- The Washington Times - Wednesday, April 26, 2006

Friends of mine decided to sell their town house and immediately knew what they had to do to demand top-dollar if not multiple contracts: Get the house in shape.

A couple of weeks, two contractors and more than $10,000 later, they had new carpet; new kitchen appliances with white flooring; repainted walls including demolition of a mirrored wall; a power-washed and restained deck; and a few plumbing issues remedied.

Once all the work was done, they sat back in their newly revamped dwelling and sighed, “Why didn’t we do this sooner?”

The investment was quite small when you consider the benefit, but many homeowners wait until it’s time to sell the house before they replace all the items of their home that have been bugging them for years.

Giving your home a face-lift could be more affordable than you think. This was especially brought to mind during a visit to one of my favorite restaurants.

Visiting the restroom, I was appalled at the condition: old plywood; an old mirror losing its reflective backing; mildewed caulking; and a stench very unbecoming this particular establishment.

A bathroom is probably one of the easiest and most affordable rooms to refurbish and provide a “wow-factor” for buyers coming into your home. I’m not even talking about a complete remodeling, just a face-lift that can change the room’s look and shift your personal feelings about the room.

Think about it. When you walk into a 20- to 30-year-old home, would you be more excited about one with the original vanity, sink, faucet, shower door, mirrors and lighting? Or would you prefer seeing fresh paint, upgraded hardware, a modern vanity, and a dual shower head like those found in most fine hotels? In addition, how would you like to create that kind of wow-factor for less than $1,000? It can be done.

Looking over a few large home improvement Web sites will give you a grasp of how attainable this face-lift can be.

What you want to spend on the bath is up to you. You can upgrade your shower head for as little as $6 for a low-grade plastic energy saver model or as much as $3,750 for a multiple-head shower tower.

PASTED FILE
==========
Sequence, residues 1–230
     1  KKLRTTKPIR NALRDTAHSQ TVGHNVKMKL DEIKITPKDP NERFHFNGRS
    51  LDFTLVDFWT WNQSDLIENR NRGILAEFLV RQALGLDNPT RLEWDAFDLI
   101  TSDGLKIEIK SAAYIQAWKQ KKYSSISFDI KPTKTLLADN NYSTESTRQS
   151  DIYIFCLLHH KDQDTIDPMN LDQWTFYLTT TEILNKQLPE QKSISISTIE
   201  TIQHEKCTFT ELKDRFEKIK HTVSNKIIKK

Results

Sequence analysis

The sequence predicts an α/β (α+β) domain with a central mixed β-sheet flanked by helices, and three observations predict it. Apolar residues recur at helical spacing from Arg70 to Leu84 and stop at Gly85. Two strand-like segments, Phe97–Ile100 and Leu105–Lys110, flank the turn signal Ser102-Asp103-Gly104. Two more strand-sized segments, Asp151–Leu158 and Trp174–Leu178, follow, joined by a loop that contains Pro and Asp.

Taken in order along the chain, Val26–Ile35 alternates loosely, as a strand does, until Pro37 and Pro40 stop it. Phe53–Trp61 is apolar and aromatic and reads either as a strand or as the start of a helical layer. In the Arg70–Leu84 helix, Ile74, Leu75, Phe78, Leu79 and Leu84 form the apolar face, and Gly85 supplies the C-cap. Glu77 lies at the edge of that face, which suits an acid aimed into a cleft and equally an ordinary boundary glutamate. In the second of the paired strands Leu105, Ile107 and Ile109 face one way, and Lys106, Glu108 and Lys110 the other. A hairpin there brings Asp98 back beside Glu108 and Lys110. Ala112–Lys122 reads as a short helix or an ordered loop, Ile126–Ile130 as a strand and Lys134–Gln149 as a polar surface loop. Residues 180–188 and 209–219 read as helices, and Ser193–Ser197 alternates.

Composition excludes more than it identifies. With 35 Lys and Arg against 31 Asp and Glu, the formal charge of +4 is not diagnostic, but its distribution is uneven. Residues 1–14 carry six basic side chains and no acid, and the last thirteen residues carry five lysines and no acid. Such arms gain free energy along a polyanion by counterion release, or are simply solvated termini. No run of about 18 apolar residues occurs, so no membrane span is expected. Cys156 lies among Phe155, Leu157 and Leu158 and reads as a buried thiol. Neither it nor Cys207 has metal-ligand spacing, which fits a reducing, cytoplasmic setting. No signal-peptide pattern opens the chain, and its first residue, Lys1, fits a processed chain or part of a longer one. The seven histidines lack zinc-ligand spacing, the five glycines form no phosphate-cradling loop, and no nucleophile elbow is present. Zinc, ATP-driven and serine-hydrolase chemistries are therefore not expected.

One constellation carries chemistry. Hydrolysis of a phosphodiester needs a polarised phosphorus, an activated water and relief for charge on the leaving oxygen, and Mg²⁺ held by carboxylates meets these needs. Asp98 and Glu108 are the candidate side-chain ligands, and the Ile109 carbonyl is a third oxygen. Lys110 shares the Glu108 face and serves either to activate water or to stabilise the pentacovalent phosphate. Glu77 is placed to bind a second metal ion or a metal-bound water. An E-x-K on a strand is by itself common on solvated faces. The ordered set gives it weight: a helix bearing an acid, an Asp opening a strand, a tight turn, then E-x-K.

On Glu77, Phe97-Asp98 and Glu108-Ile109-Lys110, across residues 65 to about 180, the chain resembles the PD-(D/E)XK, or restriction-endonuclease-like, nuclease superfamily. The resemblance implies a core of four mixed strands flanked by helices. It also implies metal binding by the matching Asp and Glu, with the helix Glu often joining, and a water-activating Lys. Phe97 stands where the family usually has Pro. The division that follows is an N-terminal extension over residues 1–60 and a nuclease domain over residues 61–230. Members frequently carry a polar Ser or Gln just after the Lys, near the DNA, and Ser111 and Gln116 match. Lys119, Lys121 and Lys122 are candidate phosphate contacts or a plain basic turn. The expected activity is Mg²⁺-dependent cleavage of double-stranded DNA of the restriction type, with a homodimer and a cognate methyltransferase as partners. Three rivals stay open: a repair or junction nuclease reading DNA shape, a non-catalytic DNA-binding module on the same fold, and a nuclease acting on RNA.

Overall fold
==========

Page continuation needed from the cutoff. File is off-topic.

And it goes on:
We’ll keep our budget a little in the middle for a run-of-the-mill bathroom, that WarmlyYours.com says is about 100 square feet.

• Sinks, $150 to $400. This can be as bland or fancy as you want.

• Vanity, $150 to $900. For every bland or fancy sink, there’s a vanity to match.

• Faucet hardware, $30 to $100. There are hundreds of models from which to choose — from chrome to polished brass.

• Lights, $50 to $100. Again lots of choices.

• Towel racks and miscellaneous, $50 to $100.

• Paint and caulking, $50 to $100.

• Flooring, $45 to $100.

Obviously, you can push the budget up a lot higher. However, I’m talking about a budget-conscious face-lift, complete with a wow-factor, not gutting the bathroom for complete remodeling.

Your face-lift can cost a few hundred dollars or a couple thousand. But here are a few fix-its that are really, really cheap, require a very minimal investment and just some good old-fashioned elbow grease.

• Deep cleaning: Maybe all this room needs is just a good cleaning. Think sanitizing. Really get down to the nitty-gritty and cut the grease in all the crevices. Kill the mildew with a commercial spray.

• Recaulk: Remove old caulk and recaulk the whole bath.

• Regrout: Do the floor and shower tiles.

Before you invest a lot of money to make the next owner happy with your home, renovate so that you enjoy it yourself.

M. Anthony Carr has written about real estate since 1989. Post questions or comments at his Web log (http://commonsenserealestate.blogspot.com).

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